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Too much depends on YOUR software, YOUR configuration, and YOUR user's usage patterns.
You can only benchmark and then project from what you know about your current resource usage.
it's all text and only few small images.
If you are only sending plain text files and images, you could decide to go for a small footprint HTTPD server like thttpd. You can serve millions of visitors per month with just a few hundred megabytes RAM in your server.
We run in 512K of RAM with roughly 3 million page requests from the server each month (plus images etc), and very intensive use of CGI scripts.
I suspect Matt means "M" when he says "K", but yes, you probably could run an absolutely minimal Web server in 128kB!
I used to run my firewall (40kB of beautifully-crafted C code) and mail gateway and other stuff on a ~25MHz SunOS box with 4MB, which had some capacity to spare. I called it "lemon" because if anyone tried to break in, that's what they'd find!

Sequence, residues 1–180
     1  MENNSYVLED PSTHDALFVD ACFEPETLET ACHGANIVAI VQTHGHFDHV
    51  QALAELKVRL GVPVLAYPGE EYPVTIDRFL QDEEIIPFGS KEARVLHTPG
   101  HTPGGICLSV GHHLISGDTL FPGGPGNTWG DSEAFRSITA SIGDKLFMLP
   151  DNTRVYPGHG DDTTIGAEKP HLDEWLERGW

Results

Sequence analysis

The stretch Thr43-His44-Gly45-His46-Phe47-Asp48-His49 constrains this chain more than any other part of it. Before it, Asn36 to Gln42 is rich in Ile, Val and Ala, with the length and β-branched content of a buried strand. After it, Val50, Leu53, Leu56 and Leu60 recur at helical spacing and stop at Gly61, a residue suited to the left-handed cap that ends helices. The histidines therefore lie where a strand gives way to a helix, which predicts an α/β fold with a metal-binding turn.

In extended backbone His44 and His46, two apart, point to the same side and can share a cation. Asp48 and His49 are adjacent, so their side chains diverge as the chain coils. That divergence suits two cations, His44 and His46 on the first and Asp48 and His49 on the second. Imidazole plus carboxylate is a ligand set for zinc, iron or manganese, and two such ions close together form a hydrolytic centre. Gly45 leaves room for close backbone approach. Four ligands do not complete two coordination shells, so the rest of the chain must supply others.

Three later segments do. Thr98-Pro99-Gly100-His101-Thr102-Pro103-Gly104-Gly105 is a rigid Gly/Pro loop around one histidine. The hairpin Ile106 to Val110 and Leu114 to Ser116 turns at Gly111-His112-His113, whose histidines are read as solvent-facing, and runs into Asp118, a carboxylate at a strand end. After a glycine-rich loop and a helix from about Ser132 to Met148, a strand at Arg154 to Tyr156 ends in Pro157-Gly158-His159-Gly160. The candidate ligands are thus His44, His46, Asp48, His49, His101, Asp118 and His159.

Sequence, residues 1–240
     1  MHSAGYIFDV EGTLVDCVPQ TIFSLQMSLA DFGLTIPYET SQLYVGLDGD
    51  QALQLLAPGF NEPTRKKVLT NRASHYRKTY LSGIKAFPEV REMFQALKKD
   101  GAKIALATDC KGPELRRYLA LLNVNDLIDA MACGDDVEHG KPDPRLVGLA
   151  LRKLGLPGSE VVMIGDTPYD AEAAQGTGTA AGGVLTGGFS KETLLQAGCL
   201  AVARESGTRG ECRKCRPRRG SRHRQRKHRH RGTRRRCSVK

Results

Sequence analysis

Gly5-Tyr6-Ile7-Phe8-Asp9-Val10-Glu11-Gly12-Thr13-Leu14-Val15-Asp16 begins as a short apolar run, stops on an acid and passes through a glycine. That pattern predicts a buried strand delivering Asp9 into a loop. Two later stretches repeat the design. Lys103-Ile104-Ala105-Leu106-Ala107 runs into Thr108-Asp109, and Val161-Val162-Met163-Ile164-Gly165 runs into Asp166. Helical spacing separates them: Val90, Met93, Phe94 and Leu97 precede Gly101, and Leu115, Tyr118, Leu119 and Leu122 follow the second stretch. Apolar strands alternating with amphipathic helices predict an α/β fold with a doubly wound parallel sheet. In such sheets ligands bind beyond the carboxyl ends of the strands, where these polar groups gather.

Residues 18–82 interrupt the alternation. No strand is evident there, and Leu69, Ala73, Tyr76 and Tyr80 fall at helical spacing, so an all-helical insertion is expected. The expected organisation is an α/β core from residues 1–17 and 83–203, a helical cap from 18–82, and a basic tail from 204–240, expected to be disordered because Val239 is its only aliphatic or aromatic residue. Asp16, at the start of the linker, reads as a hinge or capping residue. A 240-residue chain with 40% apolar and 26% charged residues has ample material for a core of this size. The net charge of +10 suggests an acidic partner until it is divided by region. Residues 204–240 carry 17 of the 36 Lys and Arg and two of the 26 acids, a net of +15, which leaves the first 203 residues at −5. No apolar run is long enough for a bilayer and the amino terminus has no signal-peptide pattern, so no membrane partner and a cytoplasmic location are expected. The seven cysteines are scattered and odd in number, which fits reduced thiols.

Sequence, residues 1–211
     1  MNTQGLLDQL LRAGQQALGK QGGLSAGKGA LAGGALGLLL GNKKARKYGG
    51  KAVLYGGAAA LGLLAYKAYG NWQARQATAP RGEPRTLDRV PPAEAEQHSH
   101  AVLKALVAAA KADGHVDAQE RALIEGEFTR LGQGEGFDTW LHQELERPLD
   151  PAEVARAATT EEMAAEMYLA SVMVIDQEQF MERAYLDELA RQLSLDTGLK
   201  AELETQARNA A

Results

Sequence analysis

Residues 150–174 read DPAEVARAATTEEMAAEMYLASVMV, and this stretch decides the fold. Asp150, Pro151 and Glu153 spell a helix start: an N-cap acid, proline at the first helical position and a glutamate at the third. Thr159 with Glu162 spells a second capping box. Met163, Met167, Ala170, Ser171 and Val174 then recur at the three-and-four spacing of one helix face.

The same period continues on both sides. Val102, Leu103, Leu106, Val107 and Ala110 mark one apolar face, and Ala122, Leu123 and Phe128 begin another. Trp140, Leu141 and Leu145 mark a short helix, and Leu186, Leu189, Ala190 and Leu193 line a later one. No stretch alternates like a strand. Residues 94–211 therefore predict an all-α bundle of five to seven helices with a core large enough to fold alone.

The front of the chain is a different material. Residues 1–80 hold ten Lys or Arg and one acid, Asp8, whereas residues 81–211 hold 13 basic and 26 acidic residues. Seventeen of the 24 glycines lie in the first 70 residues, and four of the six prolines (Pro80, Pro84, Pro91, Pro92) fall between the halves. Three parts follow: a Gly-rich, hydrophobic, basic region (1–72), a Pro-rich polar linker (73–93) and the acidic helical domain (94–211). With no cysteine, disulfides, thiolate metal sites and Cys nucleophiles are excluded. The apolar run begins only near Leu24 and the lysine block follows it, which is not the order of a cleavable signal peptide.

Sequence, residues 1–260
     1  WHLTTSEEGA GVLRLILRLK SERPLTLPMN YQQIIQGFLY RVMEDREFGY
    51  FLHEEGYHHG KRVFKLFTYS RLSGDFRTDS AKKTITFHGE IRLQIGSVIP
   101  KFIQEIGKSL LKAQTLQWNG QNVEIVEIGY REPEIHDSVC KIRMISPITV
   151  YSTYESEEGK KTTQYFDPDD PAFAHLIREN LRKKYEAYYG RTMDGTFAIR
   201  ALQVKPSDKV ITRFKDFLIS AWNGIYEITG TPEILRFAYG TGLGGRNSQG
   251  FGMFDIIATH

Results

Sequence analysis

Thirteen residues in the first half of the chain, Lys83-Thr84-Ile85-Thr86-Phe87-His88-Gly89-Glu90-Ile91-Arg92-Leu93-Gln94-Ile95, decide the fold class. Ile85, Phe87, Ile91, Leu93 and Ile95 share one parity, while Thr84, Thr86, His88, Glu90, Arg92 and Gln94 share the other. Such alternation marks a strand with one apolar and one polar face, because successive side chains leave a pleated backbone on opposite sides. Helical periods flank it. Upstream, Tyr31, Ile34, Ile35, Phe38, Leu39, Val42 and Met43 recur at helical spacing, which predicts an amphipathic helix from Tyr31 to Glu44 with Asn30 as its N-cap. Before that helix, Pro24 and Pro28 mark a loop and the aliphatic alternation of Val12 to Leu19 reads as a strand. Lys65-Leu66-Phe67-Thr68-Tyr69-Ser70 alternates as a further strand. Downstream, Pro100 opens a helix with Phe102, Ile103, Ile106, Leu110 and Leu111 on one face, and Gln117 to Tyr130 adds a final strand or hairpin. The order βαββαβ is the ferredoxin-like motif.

... but yes, you probably could run an absolutely minimal Web server in 128kB
You can. Actually my smallest webserver is running in 128 kB RAM and 512 kB flash ROM for program code and file storage. And that server includes a display driver and an FTP server to upload HTML files. But it is running on a low power CPU and I doubt it can handle many concurrent connections which would be the case with millons of visitors per month.
On Apache based webservers without a database, the main cause of RAM usage is the timeout time after the pages have been successfully transfered. With the prefork model Apache uses in default mode, a full featured process which often uses 10 or more MB of RAM is occupied with something as simple as waiting for a timeout. That is where small footprint servers like thttpd are handy. The timeout handling is just a state somewhere in the main process instead of a complete process with its own memory space.